A Sort of Parable

Simon was sitting on the downstairs toilet, swinging his feet. He was four. He had finished but continued to sit there anyhow, staring at the wall. Nothing in particular was going through his mind. Were he to get up he would just find somewhere else to sit and daydream. The bathroom was comfortable enough. In his later years he would look back at moments like these as the height of happiness.

The walls were papered a soft yellow with alternating blue and brown patterns of vines and flowers, running vertically. Through the window at his right and its lace curtain the small room filled with diffuse sunlight. In church once he counted to a thousand. He would have gone further but the preacher started speaking of the Tower of Babel and he imagined men climbing it to storm heaven with guns and knives. He started counting the flowers on the wall. But the bathroom was more interesting than church, so that soon grew boring. He decided to name everything he heard. There were crows in the tree outside; a car drove past; a lawn mower failed to start up, again and again; some kid was taunting another one in the street; his mother was banging things in the kitchen. Then the air-conditioning unit by the window kicked on drowning everything else out and ending his game. But he still did not feel like getting up.

Sometimes thoughts came to Simon and he could not identify their origin. Thus inexplicably he remembered it was bad to cross one’s eyes. He wondered why. So he crossed them to better understand. The world was immediately multiplied, but blurry. The garden-like rows of flowers on the wall turned profuse, like a jungle. A chill ran through him. He wanted to see exactly and clearly where the two images split apart. He crossed his eyes slowly and uncrossed them, over and over again, concentrating. Soon his eyes hurt, but he kept trying to understand.

Then a strange thing happened. As he uncrossed his eyes and the the columns of flowers and vines on the wall merged with their doubles, they didn’t quite meet. Everything else was clear and singular, but a transparent image of them hovered an inch from the wall. His eyes felt uncrossed. He blinked. It was still there. He dug his fists into his eyes. Then it was gone. Again he crossed and uncrossed his eyes slowly and, as the designs came back into focus, their ghosts floated above them. He put out his hand to touch it and his fingertips sank past the image to the wall. This was the greatest thing he had ever seen. He felt like his mother said he should feel while in church: his hair stood on end. He wondered if he wasn’t supposed to cross his eyes because if it was done right things’ spirits became visible. This was a real discovery.

Then his mother knocked at the door.

“Simon, what are you doing in there?” she said.

“Nothing.”

“Then come out before you leave behind more than you meant to.” As Simon was pulling his pants up his mother added, “it’s stinky out here, turn the fan on to clear it out.”

He flipped the wall switch and looked up at the vent in the ceiling. Then he looked down at the toilet bowl. Would it really clear out? How? He imagined his solid turd ascending from the murky water and vanishing into the ceiling through the vent. That would be incredible. This was turning into an afternoon of revelations. He took a seat on the floor to watch it happen.

Twenty minutes passed. His father knocked on the door.

“What are you doing, waiting until you have to go again?” he said. “Lunch is ready.”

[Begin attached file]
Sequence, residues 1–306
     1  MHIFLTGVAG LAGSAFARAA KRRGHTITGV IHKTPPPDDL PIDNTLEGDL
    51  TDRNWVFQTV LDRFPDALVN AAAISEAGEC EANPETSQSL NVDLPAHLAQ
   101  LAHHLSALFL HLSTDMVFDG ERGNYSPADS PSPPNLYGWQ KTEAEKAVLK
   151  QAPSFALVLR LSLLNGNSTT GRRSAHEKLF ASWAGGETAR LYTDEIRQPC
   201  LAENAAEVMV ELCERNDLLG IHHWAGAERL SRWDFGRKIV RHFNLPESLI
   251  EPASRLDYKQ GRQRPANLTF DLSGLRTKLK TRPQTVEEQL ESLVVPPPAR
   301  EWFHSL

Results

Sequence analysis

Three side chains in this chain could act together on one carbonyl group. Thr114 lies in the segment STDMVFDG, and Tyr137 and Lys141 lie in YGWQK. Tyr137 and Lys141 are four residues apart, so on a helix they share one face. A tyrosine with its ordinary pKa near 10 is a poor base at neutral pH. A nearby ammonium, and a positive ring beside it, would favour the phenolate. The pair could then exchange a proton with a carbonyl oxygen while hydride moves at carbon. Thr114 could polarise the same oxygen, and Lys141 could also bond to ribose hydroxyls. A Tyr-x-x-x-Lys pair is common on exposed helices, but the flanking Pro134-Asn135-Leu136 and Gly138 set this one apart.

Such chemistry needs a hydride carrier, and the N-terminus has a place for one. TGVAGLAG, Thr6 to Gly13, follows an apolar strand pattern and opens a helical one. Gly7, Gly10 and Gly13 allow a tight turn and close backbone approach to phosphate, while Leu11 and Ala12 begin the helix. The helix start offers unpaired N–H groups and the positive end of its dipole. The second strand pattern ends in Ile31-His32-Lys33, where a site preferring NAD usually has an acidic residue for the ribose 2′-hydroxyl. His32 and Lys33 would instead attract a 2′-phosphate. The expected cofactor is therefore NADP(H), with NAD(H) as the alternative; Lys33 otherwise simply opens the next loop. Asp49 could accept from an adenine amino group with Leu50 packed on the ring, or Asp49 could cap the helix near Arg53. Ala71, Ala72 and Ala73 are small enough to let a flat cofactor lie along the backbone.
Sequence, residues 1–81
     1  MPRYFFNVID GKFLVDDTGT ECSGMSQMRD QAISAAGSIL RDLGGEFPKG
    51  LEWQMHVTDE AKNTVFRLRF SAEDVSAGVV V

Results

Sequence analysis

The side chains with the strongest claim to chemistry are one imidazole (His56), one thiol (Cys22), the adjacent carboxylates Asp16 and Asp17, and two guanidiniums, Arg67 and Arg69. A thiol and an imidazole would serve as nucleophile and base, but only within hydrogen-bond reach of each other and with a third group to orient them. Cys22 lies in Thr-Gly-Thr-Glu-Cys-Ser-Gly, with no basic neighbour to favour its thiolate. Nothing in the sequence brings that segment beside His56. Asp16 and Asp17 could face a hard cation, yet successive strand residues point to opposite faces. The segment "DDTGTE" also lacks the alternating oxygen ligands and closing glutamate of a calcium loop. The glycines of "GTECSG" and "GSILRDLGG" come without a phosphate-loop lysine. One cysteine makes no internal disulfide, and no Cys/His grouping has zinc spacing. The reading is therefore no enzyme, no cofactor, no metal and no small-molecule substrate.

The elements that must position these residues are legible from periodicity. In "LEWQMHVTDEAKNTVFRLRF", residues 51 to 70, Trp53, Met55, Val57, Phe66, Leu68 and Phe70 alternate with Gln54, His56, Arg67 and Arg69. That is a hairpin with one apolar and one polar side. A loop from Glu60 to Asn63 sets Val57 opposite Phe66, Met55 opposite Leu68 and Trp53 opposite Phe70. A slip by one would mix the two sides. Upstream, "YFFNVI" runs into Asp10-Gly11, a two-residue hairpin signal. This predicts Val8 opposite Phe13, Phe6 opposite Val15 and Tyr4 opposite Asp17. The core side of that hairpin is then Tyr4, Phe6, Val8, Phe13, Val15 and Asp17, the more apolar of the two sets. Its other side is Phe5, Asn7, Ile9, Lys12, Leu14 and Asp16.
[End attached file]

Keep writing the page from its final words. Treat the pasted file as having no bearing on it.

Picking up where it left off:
Simon opened the door.

“I’m watching to see my poop disappear.”

“Well, the harder you watch for something the longer it takes to happen,” his father said. “Come and eat lunch. It will make more poop.”

He picked up the child and carried him into the kitchen.

Not until after dinner did Simon remember to look again. He peered in, diastole of hope in his heart — but it still rested there, quietly swathed in toilet paper like a corpse in a death-shroud ceramically entombed. He would have preferred that it was risen, but it was not to be.

He flushed it down.

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~ by Peter on June 1, 2008.

7 Responses to “A Sort of Parable”

  1. Ironically, my name is Simon. 🙂

  2. I wonder if most kids might have this pre-cognitive gift… perhaps that would explain the quasi-stupors I remember from my own childhood.

    No… probably not… it probably had more to do with running full speed into the clothesline pole.

  3. Haha, or the jumping off of rooves, if I remember correctly.

  4. Yea, that too… Damn, I fear the stupors are becoming less and less quasi.

  5. There is a kind of chilly mystery lurking behind this small tale. Vision and visions. The writing is perfect as usual and the story has a kind of eeriness to it that is hard to pin down. Perhaps the people storming heaven, duality and then up and down with the turd. A parable but for me, just what the truth behind the story is remains just out of sight. Intriguing, fascinating, I am sure this story will lurk in my mind for quite a while, sideways and then up and down, ladder to storm heaven, hmmm, and as I say, beautifully crafted prose, as always.

  6. Only you could make a boy watching his poop seem so intelligent.

  7. Perfect and lovely; a very smooth prose. I cannot tell you how much I relate to that little fella’!
    It was almost as if I was reading a description of my usual day written by someone else. But usually my days transpire in much the same fashion in my room, not my bathroom.

    Believe it or not (and I’m not just making this up), I have done exactly the same experiment – crossing and uncrossing my eyes – when I was young!
    But that’s not the exciting part. What’s interesting is that I did it again just last night, and today I’m here reading this.

    Amazing.

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